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Here’s the processor.  It’s a MegaWin MA84G564AD48.  Here’s the pdf datasheet, which I’m not nearly smart enough to read.  Maybe someone will eventually port cheali charger firmware to the B6 Mini, but for now, that’s not an option.

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Note that there looks to be in the works of cheali charger, the ability to use the charger as a bench power supply…..  one can see my interest now (after how much I’ve blathered on about wanting the ability to use this as a bench power.)

Size

The body is 107 x 85 x 34mm.  Since this is an update to the venerable iMAX B6, I’ll mention it’s dimensions here, too: 133x87x33mm.  The Mini is notably smaller.

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This is a 60W charger.  I won’t say it’s small for that (maybe not small) but there’s a ton of functionality stuffed into this box.

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Power

The iMAX B6 mini receives power through a barrel plug.  I was lucky in that I have another SkyRC product using the same barrel plug, and was of a sufficient voltage and power to run the B6 Mini.  That product is the MC3000, and I absolutely love that charger.  But that’s a cylindrical cell charger, and the B6 Mini is not.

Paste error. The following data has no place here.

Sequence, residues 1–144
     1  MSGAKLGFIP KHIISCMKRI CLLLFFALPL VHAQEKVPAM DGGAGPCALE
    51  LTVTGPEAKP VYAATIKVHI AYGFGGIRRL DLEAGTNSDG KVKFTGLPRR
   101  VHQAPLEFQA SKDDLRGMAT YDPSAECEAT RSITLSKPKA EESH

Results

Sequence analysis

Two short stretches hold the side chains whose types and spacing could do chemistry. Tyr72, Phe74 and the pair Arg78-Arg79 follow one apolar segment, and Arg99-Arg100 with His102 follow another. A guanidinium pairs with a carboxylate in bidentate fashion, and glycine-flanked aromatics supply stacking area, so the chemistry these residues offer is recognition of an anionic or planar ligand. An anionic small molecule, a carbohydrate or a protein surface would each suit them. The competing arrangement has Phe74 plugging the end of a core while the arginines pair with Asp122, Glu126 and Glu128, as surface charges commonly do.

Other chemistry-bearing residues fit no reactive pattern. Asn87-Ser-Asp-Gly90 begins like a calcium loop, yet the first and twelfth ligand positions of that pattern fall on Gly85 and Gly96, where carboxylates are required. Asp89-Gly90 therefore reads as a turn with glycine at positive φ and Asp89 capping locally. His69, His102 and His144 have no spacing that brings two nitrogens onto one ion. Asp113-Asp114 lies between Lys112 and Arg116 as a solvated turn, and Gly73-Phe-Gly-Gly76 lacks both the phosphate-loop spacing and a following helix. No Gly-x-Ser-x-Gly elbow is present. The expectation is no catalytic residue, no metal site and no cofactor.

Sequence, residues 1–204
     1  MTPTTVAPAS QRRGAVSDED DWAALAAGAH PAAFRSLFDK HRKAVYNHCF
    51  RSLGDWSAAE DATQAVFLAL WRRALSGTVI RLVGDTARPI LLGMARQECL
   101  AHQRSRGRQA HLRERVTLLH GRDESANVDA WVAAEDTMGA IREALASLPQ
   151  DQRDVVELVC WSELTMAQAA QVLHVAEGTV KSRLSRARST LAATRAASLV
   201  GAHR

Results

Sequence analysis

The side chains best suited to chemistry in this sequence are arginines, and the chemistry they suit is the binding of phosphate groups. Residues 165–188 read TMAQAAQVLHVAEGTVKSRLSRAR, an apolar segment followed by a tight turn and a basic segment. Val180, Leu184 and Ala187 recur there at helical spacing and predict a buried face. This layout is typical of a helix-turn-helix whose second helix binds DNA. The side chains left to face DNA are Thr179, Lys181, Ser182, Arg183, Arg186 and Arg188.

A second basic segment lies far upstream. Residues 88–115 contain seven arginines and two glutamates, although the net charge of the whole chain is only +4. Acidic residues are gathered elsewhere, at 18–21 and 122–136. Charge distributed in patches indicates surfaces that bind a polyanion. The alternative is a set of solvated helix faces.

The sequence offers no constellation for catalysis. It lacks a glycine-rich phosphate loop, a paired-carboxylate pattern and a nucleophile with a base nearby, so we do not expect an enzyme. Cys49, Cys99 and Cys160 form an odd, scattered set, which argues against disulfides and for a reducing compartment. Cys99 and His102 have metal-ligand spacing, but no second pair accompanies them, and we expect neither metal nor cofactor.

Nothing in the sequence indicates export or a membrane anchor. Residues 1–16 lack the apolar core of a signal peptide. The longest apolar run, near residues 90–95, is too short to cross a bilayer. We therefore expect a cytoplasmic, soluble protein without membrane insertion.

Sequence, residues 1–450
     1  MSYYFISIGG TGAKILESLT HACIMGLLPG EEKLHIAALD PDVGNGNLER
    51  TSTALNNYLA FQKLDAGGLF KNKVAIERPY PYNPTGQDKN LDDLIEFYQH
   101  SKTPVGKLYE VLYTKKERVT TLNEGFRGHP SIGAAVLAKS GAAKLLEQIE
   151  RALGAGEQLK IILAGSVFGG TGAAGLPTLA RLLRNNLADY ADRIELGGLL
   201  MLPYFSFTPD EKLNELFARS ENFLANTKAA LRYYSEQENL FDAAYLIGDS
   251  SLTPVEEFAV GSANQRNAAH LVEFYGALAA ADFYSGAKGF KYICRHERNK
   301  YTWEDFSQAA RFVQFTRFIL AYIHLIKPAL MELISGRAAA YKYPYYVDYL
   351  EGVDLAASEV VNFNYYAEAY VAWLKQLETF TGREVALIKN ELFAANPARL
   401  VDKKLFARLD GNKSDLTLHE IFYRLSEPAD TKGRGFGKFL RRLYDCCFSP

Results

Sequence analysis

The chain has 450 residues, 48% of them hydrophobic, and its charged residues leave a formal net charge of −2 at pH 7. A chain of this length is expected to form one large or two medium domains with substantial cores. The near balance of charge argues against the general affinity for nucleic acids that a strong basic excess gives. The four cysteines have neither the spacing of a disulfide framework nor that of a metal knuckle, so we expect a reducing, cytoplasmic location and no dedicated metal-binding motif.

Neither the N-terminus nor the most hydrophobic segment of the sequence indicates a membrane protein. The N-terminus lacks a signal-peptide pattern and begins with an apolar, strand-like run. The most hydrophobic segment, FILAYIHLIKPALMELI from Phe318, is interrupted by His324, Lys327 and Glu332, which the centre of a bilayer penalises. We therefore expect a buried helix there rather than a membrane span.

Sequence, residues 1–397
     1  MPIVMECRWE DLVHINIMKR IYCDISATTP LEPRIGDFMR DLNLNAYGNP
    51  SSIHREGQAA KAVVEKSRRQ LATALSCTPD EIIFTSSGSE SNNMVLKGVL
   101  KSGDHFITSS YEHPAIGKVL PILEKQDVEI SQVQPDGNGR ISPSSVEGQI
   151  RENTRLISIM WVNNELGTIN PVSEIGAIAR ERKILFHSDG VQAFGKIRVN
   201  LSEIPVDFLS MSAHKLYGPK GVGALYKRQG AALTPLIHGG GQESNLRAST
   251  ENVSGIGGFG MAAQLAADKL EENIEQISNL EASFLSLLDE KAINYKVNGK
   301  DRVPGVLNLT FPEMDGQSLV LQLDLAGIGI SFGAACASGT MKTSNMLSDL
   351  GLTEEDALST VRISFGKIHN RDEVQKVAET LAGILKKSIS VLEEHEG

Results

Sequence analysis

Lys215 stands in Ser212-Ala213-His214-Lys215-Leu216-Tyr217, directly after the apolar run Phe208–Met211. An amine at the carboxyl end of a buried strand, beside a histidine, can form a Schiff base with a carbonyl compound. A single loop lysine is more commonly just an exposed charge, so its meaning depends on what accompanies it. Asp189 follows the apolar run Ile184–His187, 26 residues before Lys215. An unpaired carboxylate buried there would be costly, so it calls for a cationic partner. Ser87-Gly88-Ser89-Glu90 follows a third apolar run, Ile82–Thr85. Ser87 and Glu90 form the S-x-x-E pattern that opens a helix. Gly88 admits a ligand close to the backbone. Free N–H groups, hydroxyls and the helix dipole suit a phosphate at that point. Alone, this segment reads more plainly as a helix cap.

So a user will use a wall wart terminating in a barrel plug. This must be a high quality wall wart, but the specifics are broad.  The B6 Mini requires 11~18V DC input.  The MC3000 ships with a 15V, 4A wall wart, and that’s what I used in my testing of the B6 Mini.  This wall wart worked very nicely.  You’ll want a high current adapter, too, as this is a 60W unit.

As with the MC3000, be aware that it’s advisable to connect the barrel plug to the unit before connecting the AC/DC adapter to the wall.  This prevents shorts that can happen with the barrel plug being connected under power.